Lastly, taking this to the next level then would be a company like lemonade.com Where they literally provide you with the stand and all you have to do is supply the products. Just make sure they(the products) are relevant to your group and you are good to go! It would also help if you were actually part of the group. Trying to win over the group as a  passing member of this group is a hard sell and could result in an instant loss of street cred. So tread lightly, stay long, grow some roots and sell some product. Can you name another seamless example of e-commerce in play in a social networking setting?

Lemonade.com deserves to succeed

I’ll tell you why. Last week I checked out their site and was impressed by their product, their site and their plan of action. What I didn’t like was the business model. It wasn’t solely based on affiliate marketing but enough of it was to throw it in that direction. I wasn’t so much railing on their business model as I was the whole notion of affiliate marketing in general as a business model. I just have never been wild about having to rely on other peoples traffic for the success of my product or business.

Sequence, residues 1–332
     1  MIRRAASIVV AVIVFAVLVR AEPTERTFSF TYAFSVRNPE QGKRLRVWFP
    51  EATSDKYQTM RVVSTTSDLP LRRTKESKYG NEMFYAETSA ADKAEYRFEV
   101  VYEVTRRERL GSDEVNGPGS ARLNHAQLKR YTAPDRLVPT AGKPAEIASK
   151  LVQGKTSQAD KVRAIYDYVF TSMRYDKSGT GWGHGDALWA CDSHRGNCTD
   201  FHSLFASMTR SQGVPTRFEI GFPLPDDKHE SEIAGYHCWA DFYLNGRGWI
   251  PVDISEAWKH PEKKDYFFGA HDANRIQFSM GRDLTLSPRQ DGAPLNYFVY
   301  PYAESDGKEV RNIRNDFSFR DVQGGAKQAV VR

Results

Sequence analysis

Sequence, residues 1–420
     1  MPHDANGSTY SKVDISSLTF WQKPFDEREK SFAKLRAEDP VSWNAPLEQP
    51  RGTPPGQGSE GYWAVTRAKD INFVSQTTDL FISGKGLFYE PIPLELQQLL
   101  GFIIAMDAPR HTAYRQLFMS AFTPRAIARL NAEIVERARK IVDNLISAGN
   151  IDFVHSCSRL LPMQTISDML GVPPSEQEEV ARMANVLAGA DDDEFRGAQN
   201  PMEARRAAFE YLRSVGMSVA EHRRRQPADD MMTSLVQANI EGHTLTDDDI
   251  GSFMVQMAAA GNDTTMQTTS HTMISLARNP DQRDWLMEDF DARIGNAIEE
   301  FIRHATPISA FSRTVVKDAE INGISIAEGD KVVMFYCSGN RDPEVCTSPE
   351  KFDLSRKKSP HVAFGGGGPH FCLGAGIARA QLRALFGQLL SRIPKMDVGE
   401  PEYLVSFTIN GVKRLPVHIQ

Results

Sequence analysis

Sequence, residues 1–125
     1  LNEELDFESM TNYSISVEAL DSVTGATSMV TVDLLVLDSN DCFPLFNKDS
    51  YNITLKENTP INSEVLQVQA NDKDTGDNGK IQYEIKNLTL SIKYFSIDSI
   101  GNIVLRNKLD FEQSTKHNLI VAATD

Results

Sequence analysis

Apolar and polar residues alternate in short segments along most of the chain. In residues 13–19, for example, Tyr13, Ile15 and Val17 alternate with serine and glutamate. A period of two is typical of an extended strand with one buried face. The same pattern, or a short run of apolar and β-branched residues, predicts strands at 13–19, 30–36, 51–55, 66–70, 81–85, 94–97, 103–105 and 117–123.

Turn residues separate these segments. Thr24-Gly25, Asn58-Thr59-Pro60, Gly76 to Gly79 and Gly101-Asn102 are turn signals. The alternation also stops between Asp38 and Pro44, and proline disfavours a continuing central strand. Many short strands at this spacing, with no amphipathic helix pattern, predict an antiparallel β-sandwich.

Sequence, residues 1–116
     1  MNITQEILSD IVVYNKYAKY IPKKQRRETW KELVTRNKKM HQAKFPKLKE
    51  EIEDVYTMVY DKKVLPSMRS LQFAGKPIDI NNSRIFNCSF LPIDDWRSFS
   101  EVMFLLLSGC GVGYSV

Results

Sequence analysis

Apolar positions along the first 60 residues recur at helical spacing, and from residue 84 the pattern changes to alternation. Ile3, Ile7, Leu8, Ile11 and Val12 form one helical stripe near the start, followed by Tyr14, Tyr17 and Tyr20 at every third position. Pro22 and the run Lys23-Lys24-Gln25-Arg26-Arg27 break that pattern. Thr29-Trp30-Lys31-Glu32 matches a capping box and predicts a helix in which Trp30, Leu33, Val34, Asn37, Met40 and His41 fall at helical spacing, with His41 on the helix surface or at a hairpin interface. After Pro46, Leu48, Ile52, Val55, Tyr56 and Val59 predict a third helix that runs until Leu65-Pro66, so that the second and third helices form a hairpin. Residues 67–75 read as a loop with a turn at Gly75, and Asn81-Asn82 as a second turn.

Well after saying as much, about an hour later or so I received the following email from Thomas Zawacki the Co-founder and CEO of Lemonade.com: